They are seeking a dismissal of all charges or at least to have the death penalty removed as a sentencing option.
The judge denied a request by the defense to delay the trial based on the allegations, explaining she would take up the matter at a later date.
Prosecutor Juan Martinez said his office had the computer reanalyzed just this week, and it showed the defense claims are false. He also noted that if anything was deleted from the computer, it was done by Arias' previous defense attorneys, not authorities.
"It confirmed that he had not accessed any of the (pornographic) sites that they're claiming he accessed," Martinez said.
But Nurmi told the judge a "plethora of evidence" is being uncovered by computer experts "as we speak."
The retrial is expected to continue into December.
KC and the Sunshine Band first danced into the spotlight years ago and remain popular today. Harry Wayne Casey — KC for short — developed a unique fusion of R&B and funk percussive songs, offering a string of hits like “Get Down Tonight,” “Shake Your Booty,” “That’s The Way I Like It” and “I’m Your Boogie Man.”
A Mesa preschool employee was sentenced to eight months in county jail and lifetime supervised probation on Oct. 31 after pleading guilty to accusations she wrapped a student in a blanket tightly.
WASHINGTON (AP) — A White House lunch aiming for cooperation boiled into a fresh dispute with newly empowered Republicans over immigration reform Friday, with GOP leaders warning President Barack Obama to his face not to take unilateral action. The president stood unflinchingly by his plan to act.
Republicans attending the postelection lunch at Obama's invitation said they asked him for more time to work on legislation, but the president said his patience was running out. He underscored his intent to act on his own by the end of the year if they don't approve legislation to ease deportations before then and send it to him to sign.
The Republicans' approach, three days after they resoundingly won control of the Senate in midterm elections, "seemed to fall on deaf ears," Sen. John Cornyn of Texas said in a telephone interview. "The president instead of being contrite or saying in effect to America, 'I hear you,' as a result of the referendum on his policies that drove this last election, he seems unmoved and even defiant."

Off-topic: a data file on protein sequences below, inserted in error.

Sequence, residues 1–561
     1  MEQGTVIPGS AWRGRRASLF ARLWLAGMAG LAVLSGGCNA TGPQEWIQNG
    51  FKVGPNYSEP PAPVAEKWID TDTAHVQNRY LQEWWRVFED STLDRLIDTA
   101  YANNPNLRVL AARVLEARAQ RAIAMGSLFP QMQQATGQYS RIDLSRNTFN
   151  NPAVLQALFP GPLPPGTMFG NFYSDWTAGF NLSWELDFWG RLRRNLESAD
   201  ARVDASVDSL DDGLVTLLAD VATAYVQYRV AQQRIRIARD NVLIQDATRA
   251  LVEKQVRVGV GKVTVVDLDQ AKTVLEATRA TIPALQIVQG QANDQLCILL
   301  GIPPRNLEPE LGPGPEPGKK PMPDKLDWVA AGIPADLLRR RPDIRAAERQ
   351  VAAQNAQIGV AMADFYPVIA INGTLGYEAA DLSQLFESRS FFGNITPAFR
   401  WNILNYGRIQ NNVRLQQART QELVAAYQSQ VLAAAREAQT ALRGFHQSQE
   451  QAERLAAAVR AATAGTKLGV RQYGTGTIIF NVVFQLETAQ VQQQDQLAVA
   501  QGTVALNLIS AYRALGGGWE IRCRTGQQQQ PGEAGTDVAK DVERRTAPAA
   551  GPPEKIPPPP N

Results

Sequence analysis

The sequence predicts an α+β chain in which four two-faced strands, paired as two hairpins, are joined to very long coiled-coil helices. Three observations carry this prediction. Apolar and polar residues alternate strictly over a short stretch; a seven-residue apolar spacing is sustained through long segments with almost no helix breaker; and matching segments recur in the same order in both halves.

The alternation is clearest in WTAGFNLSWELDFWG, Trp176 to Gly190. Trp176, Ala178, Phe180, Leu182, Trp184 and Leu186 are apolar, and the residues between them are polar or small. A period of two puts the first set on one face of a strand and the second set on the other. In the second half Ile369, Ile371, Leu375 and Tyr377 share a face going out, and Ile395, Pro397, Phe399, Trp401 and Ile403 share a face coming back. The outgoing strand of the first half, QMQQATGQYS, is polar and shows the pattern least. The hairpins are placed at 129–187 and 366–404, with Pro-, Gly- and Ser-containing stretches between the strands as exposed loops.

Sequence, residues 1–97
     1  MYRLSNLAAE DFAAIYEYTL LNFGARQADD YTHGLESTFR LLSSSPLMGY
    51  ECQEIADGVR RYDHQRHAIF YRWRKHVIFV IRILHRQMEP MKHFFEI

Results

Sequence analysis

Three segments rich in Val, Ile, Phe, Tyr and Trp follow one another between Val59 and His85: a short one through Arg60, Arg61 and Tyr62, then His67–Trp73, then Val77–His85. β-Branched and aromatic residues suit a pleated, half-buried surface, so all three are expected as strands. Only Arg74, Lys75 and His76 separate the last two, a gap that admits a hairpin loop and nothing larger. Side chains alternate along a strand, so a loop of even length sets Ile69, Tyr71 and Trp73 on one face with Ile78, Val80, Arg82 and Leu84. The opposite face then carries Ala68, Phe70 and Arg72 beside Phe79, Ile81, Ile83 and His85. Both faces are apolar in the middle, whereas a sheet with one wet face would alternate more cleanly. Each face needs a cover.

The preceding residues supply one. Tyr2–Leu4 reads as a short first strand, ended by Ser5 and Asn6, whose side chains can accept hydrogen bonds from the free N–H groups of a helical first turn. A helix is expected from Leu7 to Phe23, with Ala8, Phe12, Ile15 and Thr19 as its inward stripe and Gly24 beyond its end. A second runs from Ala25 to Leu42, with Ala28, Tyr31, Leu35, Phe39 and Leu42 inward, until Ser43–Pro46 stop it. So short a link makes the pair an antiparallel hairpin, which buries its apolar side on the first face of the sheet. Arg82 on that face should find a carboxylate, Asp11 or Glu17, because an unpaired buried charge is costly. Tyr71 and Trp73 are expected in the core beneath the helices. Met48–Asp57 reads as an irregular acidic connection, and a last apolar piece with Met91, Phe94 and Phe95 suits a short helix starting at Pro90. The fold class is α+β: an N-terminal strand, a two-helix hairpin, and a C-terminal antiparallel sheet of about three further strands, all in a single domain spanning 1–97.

"I don't know why he would want to sabotage his last two years as president by doing something this provocative," said Cornyn. Senate Republican Leader Mitch McConnell earlier this week said the president's stance was "like waving a red flag in front of a bull."
Obama press secretary Josh Earnest said there was no reason that executive action on immigration should kill opportunities for the president and Republicans to find common ground.
"I could stand up here and say Republicans to vote once again for the 50th time to repeal the Affordable Care Act, that that's playing with fire or waving a red flag in front of a bull. I'm not really sure what that means," Earnest said.
The White House said lawmakers went home from the meeting with a parting gift — a six-pack of beer brewed at the White House. The White House also said Obama laid out three areas where he and Congress could work together before the end of the year — emergency funding to combat the Ebola outbreak, approval of a federal budget and quick action on spending to fight the Islamic State militant group.
House Speaker John Boehner's office said he told Obama he was ready to work with the president on a new authorization for military force against the IS group if the president worked to build bipartisan support. The White House announced soon after lunch ended that the U.S. was sending as many as 1,500 more troops to Iraq to serve as advisers, trainers and security personnel as part of the mission. Obama is also asking Congress for more than $5 billion to help fund the fight.
Friday's two-hour meeting was tense at times, according to a senior House Republican aide. Senate Democratic leader Harry Reid, about to lose his grip on the upper chamber, barely said a word, the aide said. The aide said at one point as House Speaker John Boehner was making an argument on immigration, Obama responded that his patience was running out and Vice President Joe Biden interrupted to ask how long Republicans needed. Obama angrily cut Biden off, the aide said.
The aide was not authorized to describe the back-and-forth publicly by name and spoke only on condition of anonymity.
Publicly Obama's tone was more upbeat as he opened the gathering. He pledged to work on ending long-running partisan gridlock and to be open to Republican ideas. The president said the lunch was a chance to "explore where we can make progress" after Americans showed in the midterm elections that they wanted to see more accomplished in Washington.